Beer is big business in the United States. Next month, Anheuser-Busch will spend about US$28 million on Super Bowl commercials for its top-selling brews.
Despite this, beer drinkers don't always get the same level of attention as wine drinkers.
While a wine expert is known as a sommelier, a beer expert has generally been considered a drunk. But Ray Daniels is hoping to change that.
"Americans used to treat beer like a can of soup," he says. "You know, you buy it. You put it in the in the cabinet. You leave it there for months or years on end and you take it out, open it, warm it up, it's gonna be just as good as it was."
As the author of four books on beer, Mr Daniels felt obligated to set some standards. He trains people to become certified beer experts – whom he calls cicerones – so they can identify the aroma, look and taste of a beer.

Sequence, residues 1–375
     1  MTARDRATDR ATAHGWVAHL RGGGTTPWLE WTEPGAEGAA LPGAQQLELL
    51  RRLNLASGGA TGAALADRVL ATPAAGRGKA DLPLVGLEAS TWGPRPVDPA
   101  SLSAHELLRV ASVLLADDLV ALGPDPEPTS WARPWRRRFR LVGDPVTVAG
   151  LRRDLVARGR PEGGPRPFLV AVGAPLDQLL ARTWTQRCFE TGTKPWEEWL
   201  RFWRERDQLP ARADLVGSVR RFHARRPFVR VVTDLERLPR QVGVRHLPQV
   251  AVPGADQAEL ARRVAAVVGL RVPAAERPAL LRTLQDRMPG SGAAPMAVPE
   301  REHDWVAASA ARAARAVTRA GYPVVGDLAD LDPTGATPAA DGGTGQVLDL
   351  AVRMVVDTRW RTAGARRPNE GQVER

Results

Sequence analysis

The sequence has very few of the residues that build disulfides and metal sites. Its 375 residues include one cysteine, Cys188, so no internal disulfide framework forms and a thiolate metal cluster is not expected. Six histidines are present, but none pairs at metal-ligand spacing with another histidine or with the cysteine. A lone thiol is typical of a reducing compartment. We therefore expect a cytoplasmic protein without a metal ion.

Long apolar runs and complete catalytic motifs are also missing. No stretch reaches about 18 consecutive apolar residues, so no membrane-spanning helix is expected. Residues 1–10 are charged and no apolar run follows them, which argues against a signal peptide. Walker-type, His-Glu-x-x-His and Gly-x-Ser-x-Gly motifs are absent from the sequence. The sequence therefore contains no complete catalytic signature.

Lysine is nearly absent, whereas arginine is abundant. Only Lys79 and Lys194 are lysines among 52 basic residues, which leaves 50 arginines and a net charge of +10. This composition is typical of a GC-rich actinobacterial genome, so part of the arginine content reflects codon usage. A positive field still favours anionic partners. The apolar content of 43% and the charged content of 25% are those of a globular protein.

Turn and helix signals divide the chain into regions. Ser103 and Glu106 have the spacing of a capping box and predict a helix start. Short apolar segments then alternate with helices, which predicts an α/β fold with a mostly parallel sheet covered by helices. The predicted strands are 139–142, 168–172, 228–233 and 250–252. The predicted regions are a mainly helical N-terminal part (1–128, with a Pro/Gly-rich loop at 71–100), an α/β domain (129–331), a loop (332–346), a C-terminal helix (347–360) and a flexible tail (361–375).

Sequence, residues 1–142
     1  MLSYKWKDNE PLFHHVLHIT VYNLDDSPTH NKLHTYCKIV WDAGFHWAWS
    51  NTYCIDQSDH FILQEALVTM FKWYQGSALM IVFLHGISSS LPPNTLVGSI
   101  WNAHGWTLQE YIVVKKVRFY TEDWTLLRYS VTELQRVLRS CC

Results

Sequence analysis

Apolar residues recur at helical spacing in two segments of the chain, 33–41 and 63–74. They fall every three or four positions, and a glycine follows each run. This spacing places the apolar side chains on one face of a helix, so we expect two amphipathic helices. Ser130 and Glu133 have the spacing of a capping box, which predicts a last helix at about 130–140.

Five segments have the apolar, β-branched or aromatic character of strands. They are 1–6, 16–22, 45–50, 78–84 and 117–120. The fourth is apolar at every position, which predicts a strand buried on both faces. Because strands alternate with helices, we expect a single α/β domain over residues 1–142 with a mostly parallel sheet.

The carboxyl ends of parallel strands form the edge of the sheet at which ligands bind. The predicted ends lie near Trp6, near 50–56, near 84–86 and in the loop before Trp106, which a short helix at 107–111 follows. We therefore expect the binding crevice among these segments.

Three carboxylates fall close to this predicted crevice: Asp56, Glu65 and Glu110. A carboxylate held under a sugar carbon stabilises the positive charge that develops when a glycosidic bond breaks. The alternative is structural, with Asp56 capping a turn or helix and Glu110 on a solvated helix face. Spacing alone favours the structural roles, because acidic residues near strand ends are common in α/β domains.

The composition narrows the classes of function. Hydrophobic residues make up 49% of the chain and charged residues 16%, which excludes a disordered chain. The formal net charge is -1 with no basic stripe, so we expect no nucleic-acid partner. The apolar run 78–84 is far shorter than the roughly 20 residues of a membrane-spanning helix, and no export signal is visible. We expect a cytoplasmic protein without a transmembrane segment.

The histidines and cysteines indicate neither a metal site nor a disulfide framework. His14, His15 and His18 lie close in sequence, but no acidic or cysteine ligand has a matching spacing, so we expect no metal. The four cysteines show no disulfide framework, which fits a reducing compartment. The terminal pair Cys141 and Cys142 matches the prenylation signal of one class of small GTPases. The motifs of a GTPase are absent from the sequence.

There's an initial test on-line, which is followed up by a second in-person exam that involves multiple choices and tastings.
Lorna Juett is among the hopefuls.
"I'm really hoping I pass today," she says. "But it's a very serious examination. They're not messin' around."
Mr Daniels created the program six years ago. Graduates must be able to teach brewers, bartenders and beer distributors – as well as customers – about beer styles, flavours and longevity.
"I've been a beer enthusiast my entire adult life," he says. "I was always amazed at how many places would have 25 beers on tap [and] didn't know anything about them."
Jerry's Bar in Chicago has 48 craft beers on tap and each staff member is required to seek at least the Certified Beer Server status – the basica qualification Mr Daniels offers.
Nick Bondi is the bar manager.
"We need to have people that can say 'Okay, what do you normally like to drink?' And if somebody says 'I like to drink Stella', then we can guide them in the right direction to a beer that has similar qualities," he says.